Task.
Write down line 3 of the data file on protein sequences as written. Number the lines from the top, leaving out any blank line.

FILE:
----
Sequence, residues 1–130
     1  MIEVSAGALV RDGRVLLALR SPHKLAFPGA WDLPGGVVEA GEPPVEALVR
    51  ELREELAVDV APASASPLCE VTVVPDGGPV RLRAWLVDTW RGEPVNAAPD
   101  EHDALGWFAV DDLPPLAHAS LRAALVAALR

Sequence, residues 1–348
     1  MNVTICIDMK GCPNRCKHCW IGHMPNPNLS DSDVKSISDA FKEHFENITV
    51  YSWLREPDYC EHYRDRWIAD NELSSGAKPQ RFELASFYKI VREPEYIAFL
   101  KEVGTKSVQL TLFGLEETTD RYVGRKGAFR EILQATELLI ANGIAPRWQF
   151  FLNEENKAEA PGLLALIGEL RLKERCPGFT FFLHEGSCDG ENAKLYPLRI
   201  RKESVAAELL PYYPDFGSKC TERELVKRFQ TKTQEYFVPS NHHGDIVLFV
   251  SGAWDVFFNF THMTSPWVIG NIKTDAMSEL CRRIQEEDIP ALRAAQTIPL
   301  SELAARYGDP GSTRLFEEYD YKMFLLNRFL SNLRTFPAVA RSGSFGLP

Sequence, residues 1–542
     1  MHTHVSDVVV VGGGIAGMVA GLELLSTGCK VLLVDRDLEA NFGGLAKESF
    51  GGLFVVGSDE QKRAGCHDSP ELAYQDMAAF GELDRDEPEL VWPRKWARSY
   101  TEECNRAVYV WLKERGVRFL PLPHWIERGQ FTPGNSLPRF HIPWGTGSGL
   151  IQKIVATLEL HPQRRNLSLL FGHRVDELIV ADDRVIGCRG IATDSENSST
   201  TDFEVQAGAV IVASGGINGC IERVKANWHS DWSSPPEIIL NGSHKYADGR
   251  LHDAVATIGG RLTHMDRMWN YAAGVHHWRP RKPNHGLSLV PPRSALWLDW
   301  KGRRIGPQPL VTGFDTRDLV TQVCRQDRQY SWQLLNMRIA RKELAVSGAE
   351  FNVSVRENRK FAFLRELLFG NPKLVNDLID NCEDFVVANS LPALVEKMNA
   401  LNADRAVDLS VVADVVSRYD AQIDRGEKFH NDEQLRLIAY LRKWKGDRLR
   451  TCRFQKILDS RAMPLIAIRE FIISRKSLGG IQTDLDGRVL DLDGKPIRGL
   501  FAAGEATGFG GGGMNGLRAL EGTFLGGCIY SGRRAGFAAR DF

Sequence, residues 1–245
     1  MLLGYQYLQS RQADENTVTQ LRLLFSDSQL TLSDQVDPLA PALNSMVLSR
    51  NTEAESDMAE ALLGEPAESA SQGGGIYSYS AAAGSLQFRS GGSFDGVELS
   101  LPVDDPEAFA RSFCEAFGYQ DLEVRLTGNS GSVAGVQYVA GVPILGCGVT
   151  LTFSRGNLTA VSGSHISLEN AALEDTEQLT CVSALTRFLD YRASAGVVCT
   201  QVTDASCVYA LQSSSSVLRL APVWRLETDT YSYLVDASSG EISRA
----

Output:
    51  ELREELAVDV APASASPLCE VTVVPDGGPV RLRAWLVDTW RGEPVNAAPD